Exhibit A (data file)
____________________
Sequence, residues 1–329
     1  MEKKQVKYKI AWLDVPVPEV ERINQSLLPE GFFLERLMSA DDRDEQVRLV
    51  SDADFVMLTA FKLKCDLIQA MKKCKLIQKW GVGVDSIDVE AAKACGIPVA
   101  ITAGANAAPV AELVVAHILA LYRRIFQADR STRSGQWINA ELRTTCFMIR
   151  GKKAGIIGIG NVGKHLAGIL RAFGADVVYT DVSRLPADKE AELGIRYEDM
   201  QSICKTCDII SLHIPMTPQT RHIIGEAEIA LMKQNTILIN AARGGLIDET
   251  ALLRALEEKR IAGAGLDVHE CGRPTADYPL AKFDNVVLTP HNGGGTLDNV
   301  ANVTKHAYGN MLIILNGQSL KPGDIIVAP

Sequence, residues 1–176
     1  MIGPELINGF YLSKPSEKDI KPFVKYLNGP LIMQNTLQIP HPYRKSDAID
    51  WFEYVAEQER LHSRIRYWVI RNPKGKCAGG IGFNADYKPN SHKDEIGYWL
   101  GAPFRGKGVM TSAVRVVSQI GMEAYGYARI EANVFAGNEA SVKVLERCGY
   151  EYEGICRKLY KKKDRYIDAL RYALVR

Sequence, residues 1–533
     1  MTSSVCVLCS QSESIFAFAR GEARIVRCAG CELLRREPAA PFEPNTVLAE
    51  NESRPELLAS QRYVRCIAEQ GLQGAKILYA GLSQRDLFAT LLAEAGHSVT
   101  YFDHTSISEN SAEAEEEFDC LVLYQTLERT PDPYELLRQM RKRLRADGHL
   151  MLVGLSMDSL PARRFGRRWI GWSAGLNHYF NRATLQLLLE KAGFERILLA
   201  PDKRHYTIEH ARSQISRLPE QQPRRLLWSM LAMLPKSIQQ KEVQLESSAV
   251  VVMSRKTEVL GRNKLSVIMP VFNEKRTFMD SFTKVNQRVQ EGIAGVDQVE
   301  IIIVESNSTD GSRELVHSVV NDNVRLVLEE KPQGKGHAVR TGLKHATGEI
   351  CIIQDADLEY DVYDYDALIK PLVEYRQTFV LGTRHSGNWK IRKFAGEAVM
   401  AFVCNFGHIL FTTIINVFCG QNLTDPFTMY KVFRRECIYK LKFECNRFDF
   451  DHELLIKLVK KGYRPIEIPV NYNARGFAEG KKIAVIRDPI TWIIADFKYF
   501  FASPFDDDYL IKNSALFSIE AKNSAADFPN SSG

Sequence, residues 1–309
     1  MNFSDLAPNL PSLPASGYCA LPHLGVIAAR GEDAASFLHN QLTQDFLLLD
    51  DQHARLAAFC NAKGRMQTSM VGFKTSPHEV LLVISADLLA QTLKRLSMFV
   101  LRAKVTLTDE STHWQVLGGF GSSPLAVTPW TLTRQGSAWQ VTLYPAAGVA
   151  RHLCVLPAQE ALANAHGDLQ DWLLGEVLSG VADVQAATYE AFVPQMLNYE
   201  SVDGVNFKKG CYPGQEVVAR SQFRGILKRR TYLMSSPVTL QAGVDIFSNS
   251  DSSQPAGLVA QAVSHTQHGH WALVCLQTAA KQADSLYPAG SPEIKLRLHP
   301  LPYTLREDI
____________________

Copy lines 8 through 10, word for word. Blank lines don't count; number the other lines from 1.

   301  ANVTKHAYGN MLIILNGQSL KPGDIIVAP

Sequence, residues 1–176
     1  MIGPELINGF YLSKPSEKDI KPFVKYLNGP LIMQNTLQIP HPYRKSDAID